Object.freeze() vs const vs let in JS

TLDR:

const applies to bindings (“variables”). It creates an immutable binding, i.e. you cannot assign a new value to the binding.

Object.freeze works on values, and more specifically, object values. It makes an object immutable, i.e. you cannot change its properties.


const creates an immutable binding

ES6 const does not indicate that a value is ‘constant’ or immutable. A const value can definitely change. The following is perfectly valid ES6 code that does not throw an exception:

const foo = {};
foo.bar = 42;
console.log(foo.bar);
// → 42

The only thing that’s immutable here is the binding. const assigns a value ({}) to a variable name (foo), and guarantees that no rebinding will happen. Using an assignment operator or a unary or postfix -- or ++ operator on a const variable throws a TypeError exception:

const foo = 27;
// Any of the following uncommented lines throws an exception.
// Assignment operators:
foo = 42;
foo *= 42;

ES6 const has nothing to do with immutability of values.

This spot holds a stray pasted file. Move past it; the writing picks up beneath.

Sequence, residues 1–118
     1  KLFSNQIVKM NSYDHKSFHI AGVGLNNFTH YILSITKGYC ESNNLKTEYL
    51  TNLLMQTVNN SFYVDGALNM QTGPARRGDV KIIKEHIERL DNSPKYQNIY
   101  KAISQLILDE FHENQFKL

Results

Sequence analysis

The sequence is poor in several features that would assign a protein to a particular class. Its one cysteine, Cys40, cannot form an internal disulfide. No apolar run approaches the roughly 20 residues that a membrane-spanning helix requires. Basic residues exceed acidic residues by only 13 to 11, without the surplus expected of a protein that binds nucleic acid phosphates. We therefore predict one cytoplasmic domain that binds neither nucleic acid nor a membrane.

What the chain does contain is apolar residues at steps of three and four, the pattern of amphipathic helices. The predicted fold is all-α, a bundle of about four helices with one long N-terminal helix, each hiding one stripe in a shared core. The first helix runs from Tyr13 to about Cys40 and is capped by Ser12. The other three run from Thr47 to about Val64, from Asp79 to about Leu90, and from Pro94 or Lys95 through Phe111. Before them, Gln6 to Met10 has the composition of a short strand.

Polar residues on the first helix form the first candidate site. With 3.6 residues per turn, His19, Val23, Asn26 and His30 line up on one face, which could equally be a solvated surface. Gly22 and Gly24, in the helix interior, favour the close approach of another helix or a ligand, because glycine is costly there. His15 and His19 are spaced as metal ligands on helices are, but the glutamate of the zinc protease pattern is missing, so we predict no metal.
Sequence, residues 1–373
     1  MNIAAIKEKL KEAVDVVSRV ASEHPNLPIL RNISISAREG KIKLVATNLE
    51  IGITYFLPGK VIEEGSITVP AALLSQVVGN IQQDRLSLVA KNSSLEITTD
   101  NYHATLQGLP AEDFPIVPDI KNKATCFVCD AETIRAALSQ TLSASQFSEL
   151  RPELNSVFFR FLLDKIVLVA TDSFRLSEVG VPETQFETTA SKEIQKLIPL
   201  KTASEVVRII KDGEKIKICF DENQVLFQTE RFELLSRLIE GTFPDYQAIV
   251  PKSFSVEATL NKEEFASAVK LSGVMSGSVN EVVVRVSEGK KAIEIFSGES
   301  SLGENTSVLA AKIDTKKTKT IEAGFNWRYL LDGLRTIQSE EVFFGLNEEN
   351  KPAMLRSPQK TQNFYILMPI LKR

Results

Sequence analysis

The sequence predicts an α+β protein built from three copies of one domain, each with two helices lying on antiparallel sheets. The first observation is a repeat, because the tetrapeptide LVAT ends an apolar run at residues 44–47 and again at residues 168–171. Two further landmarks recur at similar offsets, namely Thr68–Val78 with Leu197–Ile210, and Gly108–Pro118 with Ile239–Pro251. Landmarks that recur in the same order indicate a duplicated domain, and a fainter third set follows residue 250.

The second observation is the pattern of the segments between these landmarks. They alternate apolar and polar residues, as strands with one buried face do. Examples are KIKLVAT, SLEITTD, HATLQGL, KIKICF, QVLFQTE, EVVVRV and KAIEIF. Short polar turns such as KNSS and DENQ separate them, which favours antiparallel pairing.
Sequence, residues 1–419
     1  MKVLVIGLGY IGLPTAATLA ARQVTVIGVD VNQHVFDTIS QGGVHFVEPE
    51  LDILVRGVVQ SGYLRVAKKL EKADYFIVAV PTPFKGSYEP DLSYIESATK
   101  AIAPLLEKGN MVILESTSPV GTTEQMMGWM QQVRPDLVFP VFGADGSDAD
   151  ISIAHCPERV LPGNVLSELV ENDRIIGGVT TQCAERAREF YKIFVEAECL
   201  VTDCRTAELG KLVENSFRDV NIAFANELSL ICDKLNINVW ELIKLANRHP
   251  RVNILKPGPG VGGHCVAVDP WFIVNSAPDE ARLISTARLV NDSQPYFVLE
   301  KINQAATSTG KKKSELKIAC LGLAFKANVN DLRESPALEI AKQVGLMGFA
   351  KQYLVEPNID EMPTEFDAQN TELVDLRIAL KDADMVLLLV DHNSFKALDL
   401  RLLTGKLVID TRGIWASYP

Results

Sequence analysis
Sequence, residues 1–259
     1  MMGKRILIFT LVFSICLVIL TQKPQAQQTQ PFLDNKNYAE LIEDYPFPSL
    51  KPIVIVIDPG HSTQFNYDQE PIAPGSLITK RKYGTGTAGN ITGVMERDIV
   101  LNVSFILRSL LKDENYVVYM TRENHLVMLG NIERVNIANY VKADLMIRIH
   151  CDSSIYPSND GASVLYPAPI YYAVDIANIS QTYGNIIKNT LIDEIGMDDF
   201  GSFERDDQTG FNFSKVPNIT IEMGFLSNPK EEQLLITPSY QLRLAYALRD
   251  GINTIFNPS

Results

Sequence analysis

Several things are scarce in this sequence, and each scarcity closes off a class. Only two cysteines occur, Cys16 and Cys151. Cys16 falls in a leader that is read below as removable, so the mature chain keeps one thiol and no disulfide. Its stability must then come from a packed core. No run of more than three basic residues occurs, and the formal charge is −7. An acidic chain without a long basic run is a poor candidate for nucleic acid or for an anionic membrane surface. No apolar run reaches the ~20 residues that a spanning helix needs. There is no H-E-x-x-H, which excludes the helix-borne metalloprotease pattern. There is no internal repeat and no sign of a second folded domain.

So, how to make a value immutable?

Primitive values, i.e. numbers, strings, booleans, symbols, null, or undefined, are always immutable.

var foo = 27;
foo.bar = 42;
console.log(foo.bar);
// → `undefined`

To make an object’s values immutable, use Object.freeze(). It has been around since ES5 and is widely available nowadays.

const foo = Object.freeze({
    'bar': 27
});
foo.bar = 42; // throws a TypeError exception in strict mode;
              // silently fails in sloppy mode
console.log(foo.bar);
// → 27

Note that Object.freeze() is shallow: object values within a frozen object (i.e. nested objects) can still be mutated. The MDN entry on Object.freeze() provides an example deepFreeze() implementation that can be used to make object values fully immutable.

Still, Object.freeze() only works on property-value pairs. There is currently no way to make other objects such as Dates, Maps, or Sets fully immutable.

const vs. let

The only difference between const and let is that const makes the contract that no rebinding will happen.

Everything I wrote here so far are facts. What follows is entirely subjective, but bear with me.

Given the above, const makes code easier to read: within its scope, a const variable always refers to the same object. With let there is no such guarantee. As a result, it makes sense to use let and const as follows in your ES6 code:

  • use const by default
  • only use let if rebinding is needed
  • (var shouldn’t be used in ES6)
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